New York 2012: Infiniti Shows The First Plug-In Which You Don't Have To Plug In Anymore
Nissan waited until the second press day of the New York Auto Show. They did not want their all-electric Infiniti sedan to drown in the floods of other reveals. They should not have worried.
When the wraps came off what is still called an “LE Concept,” a stunningly styled sedan emerged. It has
Nissan’s Leaf provides the electric Infiniti with the all-important economies of scale. However, Nissan’s “Division General Manager of Exploratory and Advanced Product,” Francois Bancon, denies hackneyed intimations that the LE will just be a rebodied Leaf:
“The LE Concept is designed from the ground up as an Infiniti, not a re-badged Nissan. There will potentially be some shared components, but they will be configured specifically for use in the Infiniti EV.”
Range and performance are still kept under wraps. “It will drive, feel and perform like an Infiniti,” says a sibylline Andy Palmer, who just recently was put in charge of the Nissan’s Global Infiniti unit. Name, production details, price are likewise kept secret.
Good looking as it is, this is not a show car. They call it a ‘production intent’ concept, a car they actually want to produce. Folks at Infiniti are positive that the yet unnamed electric Infiniti will be launched in 2014. Palmer says it is a global car that first “will be available in the U.S., Canada, and Europe.” He did not want to comment on China, understandable, given the in-flux state of Chinese production for Nissan’s luxury marque.
The LE will most likely be the first plug-in which you don’t have to plug in. In addition to a regular corded charger and a DC fast charge option, the LE can be charged without wires. Infiniti’s U.S. VP Ben Poore explains:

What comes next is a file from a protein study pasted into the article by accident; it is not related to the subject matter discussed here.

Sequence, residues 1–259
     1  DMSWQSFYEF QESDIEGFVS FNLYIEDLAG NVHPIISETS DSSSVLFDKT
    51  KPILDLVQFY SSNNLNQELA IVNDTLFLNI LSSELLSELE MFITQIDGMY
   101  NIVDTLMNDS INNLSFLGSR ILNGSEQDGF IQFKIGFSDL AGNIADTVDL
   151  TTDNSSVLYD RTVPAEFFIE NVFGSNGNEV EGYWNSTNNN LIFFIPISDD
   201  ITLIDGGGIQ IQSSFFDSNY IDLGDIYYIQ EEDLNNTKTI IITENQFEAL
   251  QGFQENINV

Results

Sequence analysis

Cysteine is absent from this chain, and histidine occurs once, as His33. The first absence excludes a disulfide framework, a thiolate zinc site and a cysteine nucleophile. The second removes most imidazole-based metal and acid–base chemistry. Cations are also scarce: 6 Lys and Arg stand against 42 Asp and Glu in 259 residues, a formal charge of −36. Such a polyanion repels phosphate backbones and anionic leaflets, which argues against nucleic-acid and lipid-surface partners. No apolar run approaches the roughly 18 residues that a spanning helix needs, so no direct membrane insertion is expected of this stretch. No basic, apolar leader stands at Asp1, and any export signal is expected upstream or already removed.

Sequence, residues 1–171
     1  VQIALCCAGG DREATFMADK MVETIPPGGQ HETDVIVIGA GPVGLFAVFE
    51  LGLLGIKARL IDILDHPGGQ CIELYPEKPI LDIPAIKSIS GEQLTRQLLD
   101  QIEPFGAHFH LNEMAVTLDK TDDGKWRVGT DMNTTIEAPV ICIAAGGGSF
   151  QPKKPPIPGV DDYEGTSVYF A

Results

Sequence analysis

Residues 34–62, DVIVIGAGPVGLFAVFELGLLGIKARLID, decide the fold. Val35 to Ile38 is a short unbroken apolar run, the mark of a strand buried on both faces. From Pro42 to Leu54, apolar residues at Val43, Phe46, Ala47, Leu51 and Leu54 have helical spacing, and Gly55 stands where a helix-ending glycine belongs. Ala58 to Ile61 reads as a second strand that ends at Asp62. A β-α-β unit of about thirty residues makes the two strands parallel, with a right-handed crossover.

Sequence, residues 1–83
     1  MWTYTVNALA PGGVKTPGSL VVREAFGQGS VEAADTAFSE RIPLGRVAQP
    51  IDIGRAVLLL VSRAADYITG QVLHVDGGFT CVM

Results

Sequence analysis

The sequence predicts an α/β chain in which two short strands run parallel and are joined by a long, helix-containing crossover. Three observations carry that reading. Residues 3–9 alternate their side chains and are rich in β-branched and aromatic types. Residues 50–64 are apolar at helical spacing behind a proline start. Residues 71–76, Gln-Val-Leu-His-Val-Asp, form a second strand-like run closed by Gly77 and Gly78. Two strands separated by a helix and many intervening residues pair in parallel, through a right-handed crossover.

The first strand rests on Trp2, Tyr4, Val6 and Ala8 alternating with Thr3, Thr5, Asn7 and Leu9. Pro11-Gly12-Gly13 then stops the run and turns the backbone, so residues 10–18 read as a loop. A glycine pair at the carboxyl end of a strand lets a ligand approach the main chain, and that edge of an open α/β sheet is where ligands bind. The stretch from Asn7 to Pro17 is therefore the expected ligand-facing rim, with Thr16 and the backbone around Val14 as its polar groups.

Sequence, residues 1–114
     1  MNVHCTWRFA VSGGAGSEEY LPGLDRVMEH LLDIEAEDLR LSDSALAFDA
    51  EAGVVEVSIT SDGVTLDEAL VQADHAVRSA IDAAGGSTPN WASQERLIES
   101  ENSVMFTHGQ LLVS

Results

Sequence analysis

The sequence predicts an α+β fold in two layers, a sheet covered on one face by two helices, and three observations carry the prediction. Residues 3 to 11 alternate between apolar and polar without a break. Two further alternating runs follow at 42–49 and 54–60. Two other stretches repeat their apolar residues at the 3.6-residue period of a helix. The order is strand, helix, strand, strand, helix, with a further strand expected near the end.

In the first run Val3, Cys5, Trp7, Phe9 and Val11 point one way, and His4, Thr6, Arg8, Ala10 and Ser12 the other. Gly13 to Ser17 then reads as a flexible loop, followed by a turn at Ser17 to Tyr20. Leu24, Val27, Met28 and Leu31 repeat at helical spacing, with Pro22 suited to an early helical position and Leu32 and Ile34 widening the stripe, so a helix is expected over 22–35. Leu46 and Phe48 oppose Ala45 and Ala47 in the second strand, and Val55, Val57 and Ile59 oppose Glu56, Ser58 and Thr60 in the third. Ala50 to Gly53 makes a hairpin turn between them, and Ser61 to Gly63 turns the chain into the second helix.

“The LE Concept includes a built-in wireless charging system, we expect it to be the first home-based wireless charging system. All you have to do is park your vehicle over the charging pad with no need to connect cables.”
This is a truly exciting system: Through a coil in the garage floor, a magnetic field is created. This excites an electric current in a second coil in the LE, which then charges the batteries. Infiniti promises that the high-frequency charging is safe for children and pets, and can be installed easily in a home garage. The batteries will sit under the passenger compartment floor, delivering a low center of gravity, a lot of trunk space, and room for the high net-worth legs.
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- Dukeisduke I saw a well-preserved Mark VII LSC on the road not too long ago, and I had to do a double-take. They still have a presence. Back when these were new, a cousin of mine owned an LSC with the BMW turbo diesel.
- Dukeisduke I imagine that stud was added during the design process for something, and someone further along the process forgot to delete it after it became unnecessary.
- Analoggrotto Knew about it all along but only now did the risk analysis tilt against leaving it there.
- Mike Beranek Funny story about the '80 T-bird. My old man's Dart Sport had given up the ghost so he was car-shopping. He & I dropped my mom at a store and then went to the Ford dealer, where we test-drove the new T-Bird (with digital dash!)So we pull up to the store to pick mom up. She walks out and dad says "We just bought it.". Mom stares at the Mulroney- almost 13 grand- and just about fell over.Dad had not in fact bought the T-Bird, instead he got a Cordoba for only 9 grand.
- EngineerfromBaja_1990 I'd love a well preserved Mark VII LSC with the HO 5.0 for a weekend cruiser. Its design aged better than both the VI and VIII. Although I'd gladly take the latter as well (quad cam V8 and wrap around interior FTW)
LOL at the backwards hoffmeister kink.
Lots of lost space with that dash board above the glove box. Dash boards are too deep these days.